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Three-time ASP world champion Andy Irons of Kauai defeated former world champion Sunny Garcia and reigning ISA world champion Jordy Smith today. CLICK FOR LARGE
Irons begins quest to retain title
The Kauai native ousts former champs in opener of Op Pro
What a difference a day, some decent Hawaii waves and the most elite surfers in the world can make.
At Haleiwa's Alii Beach, the highest seeds hit the water for the first time yesterday in the 22nd annual men's Op Pro Hawaii.
After feeble swell action for the first two of four competition days in the contest that also serves as the opener to the men's Vans Triple Crown of Surfing, on the third day the big names and those who survived to meet them finally unleashed their big moves in 4- to 10-foot-face waves.
With the women's series opener already over, it was the first real Hawaii surf of any kind for both the men and women's Triple Crowns so far this year.
Besides individual contest titles, the Triple Crown also awards its own championship title to the top overall performer in the three events.
"It's been really bad, so I'm glad at least these waves are here," said defending overall Triple Crown champion Andy Irons of Kauai, also a former three-time world champ, the 2001 event winner and currently the world's fifth-ranked surfer.
"I want to defend my (Triple Crown) title, and I always like to do well here," he added. "There're three events and we're a long way away, but I'm through my first heat."
The last eight heats of the fourth round and all of the fifth were completed yesterday. The Op Pro will likely conclude its final competition day today. The holding period ends tomorrow.
The Op Pro is a 6-star World Qualifying Series event. But because it is part of the Triple Crown, most of the world's top 45, surfers who normally compete on the elite World Championship Tour, also participate.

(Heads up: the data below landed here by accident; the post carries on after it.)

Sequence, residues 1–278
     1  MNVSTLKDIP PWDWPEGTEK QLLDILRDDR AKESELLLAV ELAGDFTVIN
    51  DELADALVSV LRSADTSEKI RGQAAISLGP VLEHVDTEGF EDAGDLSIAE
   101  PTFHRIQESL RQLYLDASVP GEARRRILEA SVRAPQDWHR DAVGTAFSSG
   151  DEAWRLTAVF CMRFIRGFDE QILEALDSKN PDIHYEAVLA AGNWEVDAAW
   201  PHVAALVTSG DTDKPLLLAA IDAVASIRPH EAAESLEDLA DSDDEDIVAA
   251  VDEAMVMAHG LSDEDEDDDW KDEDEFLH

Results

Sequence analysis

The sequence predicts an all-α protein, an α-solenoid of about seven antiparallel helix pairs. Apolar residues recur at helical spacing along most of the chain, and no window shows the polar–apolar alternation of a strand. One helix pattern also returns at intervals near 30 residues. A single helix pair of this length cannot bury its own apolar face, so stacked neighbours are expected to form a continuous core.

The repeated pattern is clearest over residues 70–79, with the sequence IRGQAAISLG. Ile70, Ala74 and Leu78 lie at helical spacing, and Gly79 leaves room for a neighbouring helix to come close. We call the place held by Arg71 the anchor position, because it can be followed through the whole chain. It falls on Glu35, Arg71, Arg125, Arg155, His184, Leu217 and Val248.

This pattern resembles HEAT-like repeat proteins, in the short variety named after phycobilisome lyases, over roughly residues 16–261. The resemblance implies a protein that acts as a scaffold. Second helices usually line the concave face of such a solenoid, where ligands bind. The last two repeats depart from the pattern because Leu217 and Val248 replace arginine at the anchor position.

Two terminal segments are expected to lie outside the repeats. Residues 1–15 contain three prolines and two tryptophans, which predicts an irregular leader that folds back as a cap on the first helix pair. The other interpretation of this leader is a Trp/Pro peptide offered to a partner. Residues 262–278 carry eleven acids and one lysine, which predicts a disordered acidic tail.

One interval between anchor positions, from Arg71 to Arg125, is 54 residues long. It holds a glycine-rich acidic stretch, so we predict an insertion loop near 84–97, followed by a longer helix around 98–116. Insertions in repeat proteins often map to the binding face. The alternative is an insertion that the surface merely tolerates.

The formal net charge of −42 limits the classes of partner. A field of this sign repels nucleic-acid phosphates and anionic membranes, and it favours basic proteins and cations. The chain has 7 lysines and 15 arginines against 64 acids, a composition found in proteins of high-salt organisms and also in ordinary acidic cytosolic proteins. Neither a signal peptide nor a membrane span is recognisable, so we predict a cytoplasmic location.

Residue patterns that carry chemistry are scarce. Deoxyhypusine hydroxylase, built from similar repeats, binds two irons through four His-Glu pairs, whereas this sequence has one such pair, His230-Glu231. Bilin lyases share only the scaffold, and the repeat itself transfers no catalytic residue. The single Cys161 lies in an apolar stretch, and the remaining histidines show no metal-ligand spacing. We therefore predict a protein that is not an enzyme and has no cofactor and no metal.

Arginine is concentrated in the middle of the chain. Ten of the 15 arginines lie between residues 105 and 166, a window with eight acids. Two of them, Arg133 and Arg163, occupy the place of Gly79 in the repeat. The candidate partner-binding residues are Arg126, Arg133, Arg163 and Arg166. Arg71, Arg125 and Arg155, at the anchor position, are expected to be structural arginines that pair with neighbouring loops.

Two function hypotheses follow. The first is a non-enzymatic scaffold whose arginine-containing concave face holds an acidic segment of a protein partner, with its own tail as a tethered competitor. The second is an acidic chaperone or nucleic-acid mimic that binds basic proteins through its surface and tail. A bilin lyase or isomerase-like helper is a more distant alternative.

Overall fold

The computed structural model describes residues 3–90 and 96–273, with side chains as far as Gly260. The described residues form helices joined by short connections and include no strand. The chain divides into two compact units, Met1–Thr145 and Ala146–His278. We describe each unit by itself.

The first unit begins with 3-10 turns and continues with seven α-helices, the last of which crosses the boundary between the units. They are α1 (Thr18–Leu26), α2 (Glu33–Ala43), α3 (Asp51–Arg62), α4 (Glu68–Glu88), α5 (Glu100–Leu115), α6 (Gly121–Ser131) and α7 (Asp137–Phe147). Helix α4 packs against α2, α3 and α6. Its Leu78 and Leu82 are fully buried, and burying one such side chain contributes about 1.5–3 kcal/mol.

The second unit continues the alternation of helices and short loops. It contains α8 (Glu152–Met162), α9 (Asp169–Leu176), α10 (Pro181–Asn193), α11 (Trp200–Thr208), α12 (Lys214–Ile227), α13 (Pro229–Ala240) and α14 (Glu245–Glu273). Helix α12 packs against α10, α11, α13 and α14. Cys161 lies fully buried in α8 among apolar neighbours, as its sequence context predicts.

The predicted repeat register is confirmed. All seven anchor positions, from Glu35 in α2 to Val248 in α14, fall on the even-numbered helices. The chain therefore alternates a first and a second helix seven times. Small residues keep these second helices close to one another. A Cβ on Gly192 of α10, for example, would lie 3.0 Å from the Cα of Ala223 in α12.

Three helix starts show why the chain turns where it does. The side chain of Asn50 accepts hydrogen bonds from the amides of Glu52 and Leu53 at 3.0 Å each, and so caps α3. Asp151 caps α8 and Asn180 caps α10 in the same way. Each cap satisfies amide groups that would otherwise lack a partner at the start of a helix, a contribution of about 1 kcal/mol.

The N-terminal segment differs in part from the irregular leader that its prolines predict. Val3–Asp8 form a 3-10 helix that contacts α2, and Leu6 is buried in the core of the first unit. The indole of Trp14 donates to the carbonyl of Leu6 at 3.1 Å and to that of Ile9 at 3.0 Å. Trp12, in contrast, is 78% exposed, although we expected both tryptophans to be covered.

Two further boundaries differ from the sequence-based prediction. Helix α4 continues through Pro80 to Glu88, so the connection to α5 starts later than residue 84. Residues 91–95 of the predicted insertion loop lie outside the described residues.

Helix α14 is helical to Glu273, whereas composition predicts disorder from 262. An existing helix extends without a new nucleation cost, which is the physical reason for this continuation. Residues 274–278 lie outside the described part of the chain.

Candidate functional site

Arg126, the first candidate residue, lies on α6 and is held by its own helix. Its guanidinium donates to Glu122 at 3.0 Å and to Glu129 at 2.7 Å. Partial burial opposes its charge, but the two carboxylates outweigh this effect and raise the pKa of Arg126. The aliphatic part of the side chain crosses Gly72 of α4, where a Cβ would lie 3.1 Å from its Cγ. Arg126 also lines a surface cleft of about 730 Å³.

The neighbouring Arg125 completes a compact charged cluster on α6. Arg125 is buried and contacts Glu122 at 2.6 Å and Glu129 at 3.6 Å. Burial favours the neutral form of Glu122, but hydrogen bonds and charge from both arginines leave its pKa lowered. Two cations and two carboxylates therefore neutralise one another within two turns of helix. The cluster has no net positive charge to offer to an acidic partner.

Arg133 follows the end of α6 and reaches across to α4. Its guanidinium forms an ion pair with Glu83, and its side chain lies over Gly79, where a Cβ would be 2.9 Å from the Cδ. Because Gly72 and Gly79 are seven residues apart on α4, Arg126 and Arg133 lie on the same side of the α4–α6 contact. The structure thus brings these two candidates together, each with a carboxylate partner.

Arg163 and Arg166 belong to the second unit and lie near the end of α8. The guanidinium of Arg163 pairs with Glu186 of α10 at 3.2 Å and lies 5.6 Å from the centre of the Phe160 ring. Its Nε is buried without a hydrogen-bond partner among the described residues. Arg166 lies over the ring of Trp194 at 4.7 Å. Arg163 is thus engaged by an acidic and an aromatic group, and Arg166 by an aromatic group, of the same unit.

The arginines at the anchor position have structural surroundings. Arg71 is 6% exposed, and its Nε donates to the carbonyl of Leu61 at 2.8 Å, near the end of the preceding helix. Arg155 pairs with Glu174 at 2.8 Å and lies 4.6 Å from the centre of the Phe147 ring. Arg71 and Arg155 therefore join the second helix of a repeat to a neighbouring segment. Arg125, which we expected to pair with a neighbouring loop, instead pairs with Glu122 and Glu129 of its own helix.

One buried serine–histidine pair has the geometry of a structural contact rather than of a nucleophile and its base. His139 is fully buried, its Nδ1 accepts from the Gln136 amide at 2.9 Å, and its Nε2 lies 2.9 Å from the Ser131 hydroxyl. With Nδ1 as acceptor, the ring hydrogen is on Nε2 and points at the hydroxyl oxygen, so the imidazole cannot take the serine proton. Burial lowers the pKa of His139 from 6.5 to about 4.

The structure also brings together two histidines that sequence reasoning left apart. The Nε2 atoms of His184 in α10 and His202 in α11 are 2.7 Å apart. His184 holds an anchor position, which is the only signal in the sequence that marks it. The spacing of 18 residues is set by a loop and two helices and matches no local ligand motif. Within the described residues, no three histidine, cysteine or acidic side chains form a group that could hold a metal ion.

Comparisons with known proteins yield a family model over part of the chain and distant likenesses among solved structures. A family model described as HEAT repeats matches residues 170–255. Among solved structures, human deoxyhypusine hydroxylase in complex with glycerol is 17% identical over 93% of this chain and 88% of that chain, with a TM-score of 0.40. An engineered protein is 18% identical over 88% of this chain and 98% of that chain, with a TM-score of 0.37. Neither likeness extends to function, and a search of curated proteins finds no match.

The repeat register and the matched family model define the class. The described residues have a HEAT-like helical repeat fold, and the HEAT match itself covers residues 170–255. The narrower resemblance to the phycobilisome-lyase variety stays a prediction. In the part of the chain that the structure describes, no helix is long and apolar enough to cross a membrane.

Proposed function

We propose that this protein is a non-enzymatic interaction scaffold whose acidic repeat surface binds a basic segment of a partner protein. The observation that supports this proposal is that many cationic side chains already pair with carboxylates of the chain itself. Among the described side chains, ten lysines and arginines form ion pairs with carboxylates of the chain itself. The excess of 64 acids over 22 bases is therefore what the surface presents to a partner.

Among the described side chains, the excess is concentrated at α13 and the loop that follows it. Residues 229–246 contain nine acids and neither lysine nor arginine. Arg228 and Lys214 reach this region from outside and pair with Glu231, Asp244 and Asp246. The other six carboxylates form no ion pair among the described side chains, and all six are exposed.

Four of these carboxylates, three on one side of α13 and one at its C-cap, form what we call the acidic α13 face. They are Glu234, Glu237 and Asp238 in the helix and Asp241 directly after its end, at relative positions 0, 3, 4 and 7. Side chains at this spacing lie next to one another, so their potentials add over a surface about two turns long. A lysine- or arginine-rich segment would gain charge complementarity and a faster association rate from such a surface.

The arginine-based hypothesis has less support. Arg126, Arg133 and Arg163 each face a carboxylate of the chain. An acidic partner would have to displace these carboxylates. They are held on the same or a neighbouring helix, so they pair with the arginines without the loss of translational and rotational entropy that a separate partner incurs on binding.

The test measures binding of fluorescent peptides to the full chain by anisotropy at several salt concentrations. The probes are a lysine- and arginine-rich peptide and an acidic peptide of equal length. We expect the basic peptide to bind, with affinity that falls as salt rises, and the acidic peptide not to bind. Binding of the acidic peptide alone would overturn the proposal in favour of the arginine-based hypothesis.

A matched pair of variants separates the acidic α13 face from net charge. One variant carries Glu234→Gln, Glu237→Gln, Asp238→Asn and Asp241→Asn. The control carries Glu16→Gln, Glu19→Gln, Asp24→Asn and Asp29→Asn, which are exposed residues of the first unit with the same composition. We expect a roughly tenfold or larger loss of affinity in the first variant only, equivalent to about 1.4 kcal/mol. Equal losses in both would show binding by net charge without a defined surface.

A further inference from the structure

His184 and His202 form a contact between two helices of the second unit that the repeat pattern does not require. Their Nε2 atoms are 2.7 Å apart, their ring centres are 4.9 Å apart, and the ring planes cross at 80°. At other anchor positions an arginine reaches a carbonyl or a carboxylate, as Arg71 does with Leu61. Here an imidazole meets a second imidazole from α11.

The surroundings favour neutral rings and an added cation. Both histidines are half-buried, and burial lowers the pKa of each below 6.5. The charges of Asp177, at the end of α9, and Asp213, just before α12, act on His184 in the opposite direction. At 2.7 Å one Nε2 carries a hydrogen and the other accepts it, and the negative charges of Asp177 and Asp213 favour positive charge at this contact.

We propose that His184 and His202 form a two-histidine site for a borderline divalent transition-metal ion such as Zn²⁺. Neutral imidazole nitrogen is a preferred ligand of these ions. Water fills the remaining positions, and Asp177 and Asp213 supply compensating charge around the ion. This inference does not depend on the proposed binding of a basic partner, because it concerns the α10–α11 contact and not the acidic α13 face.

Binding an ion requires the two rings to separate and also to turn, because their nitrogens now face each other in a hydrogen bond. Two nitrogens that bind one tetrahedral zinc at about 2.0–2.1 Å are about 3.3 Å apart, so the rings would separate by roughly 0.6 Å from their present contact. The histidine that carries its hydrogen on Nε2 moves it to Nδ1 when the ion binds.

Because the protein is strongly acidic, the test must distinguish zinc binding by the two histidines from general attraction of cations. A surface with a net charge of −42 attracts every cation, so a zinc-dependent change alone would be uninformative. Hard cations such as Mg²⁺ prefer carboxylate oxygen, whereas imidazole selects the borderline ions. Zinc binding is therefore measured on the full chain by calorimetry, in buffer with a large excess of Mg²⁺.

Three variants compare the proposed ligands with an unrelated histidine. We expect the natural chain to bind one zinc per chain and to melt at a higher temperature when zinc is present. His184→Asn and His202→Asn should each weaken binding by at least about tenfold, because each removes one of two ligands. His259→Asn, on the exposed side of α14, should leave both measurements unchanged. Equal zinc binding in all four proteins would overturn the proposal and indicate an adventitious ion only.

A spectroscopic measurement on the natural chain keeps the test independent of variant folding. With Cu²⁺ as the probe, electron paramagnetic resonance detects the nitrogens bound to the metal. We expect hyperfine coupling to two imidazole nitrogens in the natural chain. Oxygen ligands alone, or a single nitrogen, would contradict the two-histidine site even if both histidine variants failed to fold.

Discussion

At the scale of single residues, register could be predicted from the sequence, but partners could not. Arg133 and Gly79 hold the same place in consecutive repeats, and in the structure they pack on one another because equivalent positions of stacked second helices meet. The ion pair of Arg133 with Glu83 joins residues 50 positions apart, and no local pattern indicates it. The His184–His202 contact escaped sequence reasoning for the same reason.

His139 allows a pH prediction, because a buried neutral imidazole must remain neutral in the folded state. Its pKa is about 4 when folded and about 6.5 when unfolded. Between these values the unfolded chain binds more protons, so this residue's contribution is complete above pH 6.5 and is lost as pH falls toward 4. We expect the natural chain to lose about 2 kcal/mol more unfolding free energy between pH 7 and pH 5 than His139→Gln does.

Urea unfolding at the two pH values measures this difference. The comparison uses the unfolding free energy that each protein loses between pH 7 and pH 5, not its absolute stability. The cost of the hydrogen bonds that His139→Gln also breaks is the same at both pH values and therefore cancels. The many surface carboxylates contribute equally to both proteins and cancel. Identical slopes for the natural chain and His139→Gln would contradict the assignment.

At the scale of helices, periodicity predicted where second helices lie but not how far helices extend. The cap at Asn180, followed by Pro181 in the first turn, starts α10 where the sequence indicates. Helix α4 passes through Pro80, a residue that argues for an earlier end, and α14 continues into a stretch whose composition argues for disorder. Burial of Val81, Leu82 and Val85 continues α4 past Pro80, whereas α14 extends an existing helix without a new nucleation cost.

Surfing for the first time in the fifth round, Irons easily won his heat with a 13.13 (out of 20) total points for his top two waves and advanced to the final day.
Other Hawaii surfers competing for the first time in the fifth round and winning their heats were Irons' younger brother, Bruce (world No. 15), Fred Patacchia Jr. (No. 14) and Roy Powers (No. 38).
Bruce Irons notched one of the highest individual scores of the contest after successfully stringing together four critical off-the-top maneuvers for a near-perfect 9.17 in his heat.
"I'm glad to get my groove back in Hawaii," Bruce Irons said. "I got that one wave, but it's tricky out there."
A WQS surfer, Makakilo's Joel Centeio, was the only other local to move on to the final day after a runner-up result in his heat.
Other big names to win their fifth-rounders included world No. 2 and 2005 Triple Crown runner-up Mick Fanning (15.13 total points) and No. 3 Taj Burrow (16.06). Both are from Australia.
Having already sealed his record eighth world championship this year, Kelly Slater of Florida is not participating in the Op Pro, but will compete in the Triple Crown's final two jewels.
The Triple Crown "is really the second thing in my life, other than the world title, that I really want to win," Fanning said. "I'd love to win an event here in Hawaii too; I've got three (second-place results), so I'd like to get a win."
Two of the biggest names eliminated from the competition after surfing for the first time in the fifth round were Hawaii's Pancho Sullivan and Sunny Garcia.
The defending Op Pro champ and No. 26 Sullivan needed a 6.68 score on a wave he caught with just seconds remaining in his heat to advance as the runner-up, but instead got a 6.23 and finished third.
Record six-time Triple Crown and five-time event winner Garcia came out of retirement, and off recently receiving a delayed sentence for tax fraud, to again compete. While he notched a heat-high 6.93 single-wave score in the fifth-rounder won by Andy Irons, he could not get another solid mark to back it up and also placed third.